Tom Borgialli was inducted into the Wyoming Cowboy Hall of Fame last month. We know this because we featured him in a front-page feature story in the Buffalo Bulletin.

Johnson County students scored better than the state average in 14 of 19 WYTOPP categories during the 2018-19 school year. The district also outpaced its own 2017-18 performance in 17 testing categories. That news was also on the front page of this newspaper.

In the last month, we reported that the flu vaccine is available in the community, and public health officer Dr. Mark Schueler recommends the vaccine for anyone over the age of 6 months.

And a proposed flood dike on the Powder River was put on hold indefinitely.

Fake news?

Hardly.

In a world of fake news spread on social media and attacks on the media from people in power, it is important to distinguish between legitimate reporting by credible sources and all the noise posing as “the media.”

Over the past 135 years, much has changed about how we report the news: Typewriters gave way to computers and digital cameras made darkrooms obsolete. But since our founding as the Buffalo Republican in 1894, our purpose has remained unchanged: To see, know, care about and understand our community and then share what we find.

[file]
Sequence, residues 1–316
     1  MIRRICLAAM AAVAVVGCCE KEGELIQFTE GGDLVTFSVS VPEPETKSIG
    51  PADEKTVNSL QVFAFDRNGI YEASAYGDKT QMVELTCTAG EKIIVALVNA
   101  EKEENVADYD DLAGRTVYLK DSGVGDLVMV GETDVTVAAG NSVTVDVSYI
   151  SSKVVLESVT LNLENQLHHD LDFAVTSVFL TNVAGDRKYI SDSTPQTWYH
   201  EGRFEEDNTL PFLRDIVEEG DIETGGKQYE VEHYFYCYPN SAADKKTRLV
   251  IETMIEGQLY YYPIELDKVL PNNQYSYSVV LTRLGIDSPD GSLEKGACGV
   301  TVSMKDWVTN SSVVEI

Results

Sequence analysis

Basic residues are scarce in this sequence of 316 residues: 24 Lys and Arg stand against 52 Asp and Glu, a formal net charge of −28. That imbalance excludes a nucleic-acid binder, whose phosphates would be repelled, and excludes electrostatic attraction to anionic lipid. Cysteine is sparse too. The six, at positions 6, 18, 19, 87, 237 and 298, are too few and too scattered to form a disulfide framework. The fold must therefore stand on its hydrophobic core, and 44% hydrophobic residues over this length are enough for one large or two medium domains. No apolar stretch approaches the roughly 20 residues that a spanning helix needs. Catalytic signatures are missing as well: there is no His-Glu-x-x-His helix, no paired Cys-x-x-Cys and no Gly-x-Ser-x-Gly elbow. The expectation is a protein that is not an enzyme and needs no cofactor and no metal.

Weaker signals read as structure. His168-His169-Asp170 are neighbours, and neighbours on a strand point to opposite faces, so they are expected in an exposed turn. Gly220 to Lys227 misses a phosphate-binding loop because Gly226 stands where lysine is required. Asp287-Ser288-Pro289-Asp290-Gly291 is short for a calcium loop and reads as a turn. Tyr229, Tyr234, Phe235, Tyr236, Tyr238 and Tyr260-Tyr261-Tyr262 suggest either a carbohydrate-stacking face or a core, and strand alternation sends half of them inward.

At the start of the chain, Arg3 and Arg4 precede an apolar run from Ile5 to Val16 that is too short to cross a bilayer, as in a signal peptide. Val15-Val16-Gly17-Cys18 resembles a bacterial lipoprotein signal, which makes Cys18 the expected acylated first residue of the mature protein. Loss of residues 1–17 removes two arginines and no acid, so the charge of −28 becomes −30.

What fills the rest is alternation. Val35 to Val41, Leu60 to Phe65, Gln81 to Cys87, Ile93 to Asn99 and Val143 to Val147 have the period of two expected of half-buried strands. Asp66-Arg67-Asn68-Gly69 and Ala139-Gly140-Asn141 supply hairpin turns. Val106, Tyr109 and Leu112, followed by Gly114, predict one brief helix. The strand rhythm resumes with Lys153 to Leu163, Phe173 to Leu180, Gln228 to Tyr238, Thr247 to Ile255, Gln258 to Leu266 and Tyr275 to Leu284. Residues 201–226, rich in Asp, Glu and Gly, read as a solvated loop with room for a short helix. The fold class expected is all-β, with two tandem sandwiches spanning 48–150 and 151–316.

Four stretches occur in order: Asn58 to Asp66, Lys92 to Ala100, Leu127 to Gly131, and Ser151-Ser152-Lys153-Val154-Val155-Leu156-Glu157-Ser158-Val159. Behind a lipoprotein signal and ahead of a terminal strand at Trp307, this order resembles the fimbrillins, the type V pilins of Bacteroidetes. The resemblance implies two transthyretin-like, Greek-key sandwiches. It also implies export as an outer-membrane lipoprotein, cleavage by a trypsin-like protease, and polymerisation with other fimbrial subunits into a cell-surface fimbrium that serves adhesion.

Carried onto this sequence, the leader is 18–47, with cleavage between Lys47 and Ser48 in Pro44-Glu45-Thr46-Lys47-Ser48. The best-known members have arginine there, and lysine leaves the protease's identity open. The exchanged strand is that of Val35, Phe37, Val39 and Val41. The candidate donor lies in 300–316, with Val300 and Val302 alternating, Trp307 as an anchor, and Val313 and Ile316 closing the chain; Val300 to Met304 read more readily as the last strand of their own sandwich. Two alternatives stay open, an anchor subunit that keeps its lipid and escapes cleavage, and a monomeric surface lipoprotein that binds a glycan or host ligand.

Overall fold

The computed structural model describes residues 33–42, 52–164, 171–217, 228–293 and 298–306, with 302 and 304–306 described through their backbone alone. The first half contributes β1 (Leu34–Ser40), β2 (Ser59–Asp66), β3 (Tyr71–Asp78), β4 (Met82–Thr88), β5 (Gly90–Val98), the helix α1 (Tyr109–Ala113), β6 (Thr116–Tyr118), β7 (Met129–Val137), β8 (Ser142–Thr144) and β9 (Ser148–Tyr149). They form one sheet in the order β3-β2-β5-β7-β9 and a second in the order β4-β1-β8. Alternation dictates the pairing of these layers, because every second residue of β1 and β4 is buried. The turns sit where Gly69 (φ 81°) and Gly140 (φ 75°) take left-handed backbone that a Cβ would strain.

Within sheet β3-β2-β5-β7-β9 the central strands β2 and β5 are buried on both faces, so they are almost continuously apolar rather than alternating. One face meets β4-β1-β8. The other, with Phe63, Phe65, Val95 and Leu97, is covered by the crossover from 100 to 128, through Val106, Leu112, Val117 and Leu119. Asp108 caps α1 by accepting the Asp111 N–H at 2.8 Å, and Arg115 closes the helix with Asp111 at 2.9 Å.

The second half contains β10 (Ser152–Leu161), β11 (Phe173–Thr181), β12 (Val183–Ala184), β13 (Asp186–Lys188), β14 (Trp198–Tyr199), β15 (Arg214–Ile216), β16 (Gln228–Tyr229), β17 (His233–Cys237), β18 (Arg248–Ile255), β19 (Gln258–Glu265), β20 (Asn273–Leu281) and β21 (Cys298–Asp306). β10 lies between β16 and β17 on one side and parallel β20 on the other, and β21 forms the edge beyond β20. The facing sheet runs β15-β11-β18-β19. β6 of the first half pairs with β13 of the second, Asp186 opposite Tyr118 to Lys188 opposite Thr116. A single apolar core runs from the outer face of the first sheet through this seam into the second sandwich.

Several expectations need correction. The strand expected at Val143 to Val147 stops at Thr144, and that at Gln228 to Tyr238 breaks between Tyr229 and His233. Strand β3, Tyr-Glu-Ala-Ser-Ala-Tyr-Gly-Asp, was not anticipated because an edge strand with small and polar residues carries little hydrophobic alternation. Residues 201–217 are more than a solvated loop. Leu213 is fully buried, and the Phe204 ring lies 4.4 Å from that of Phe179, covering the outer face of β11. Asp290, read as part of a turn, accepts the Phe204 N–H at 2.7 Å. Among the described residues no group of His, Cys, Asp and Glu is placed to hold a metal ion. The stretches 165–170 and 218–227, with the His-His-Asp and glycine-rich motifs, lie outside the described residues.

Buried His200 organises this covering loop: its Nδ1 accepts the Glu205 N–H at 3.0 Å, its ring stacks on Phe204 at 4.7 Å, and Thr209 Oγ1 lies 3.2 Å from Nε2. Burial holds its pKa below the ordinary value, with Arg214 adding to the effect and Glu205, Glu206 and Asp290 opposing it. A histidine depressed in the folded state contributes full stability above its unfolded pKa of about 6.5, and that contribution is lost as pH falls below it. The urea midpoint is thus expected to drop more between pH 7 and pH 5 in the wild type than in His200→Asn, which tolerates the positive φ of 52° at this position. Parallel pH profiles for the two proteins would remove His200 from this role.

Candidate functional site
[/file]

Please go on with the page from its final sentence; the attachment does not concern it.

At least once a week, someone stops in our office and asks to see a back issue of the paper because they are looking for the obituary of a deceased long-last classmate or a photo of their child at homecoming. The Buffalo Bulletin is the repository of ideas and events that shape us. It is the public record of what happened, when and where.

We’re also incredibly privileged to report on our neighbors. Sometimes that means celebrating heroic actions or feats of athleticism or honoring a milestone birthday or anniversary. Other times, we have the unfortunate job of sharing sad or unpleasant news with you.

But no matter what we are reporting on, the reporters, photographers and editors in our newsroom understand what an honor and a privilege it is to hear these stories and to be entrusted to pass them along to our community.

We are real people – people you know – gathering the news, conducting interviews, covering meetings, attending events, writing, editing, fact-checking and making sure every day you can trust what you read.

We are real people reporting the news from Johnson County. We’re reporting the news about our friends and neighbors we live among – people you’ll run into at the grocery store, at the soccer match or at the dentist’s office. Their stories are real and authentic.

Thanks for trusting us to share them with you each week.

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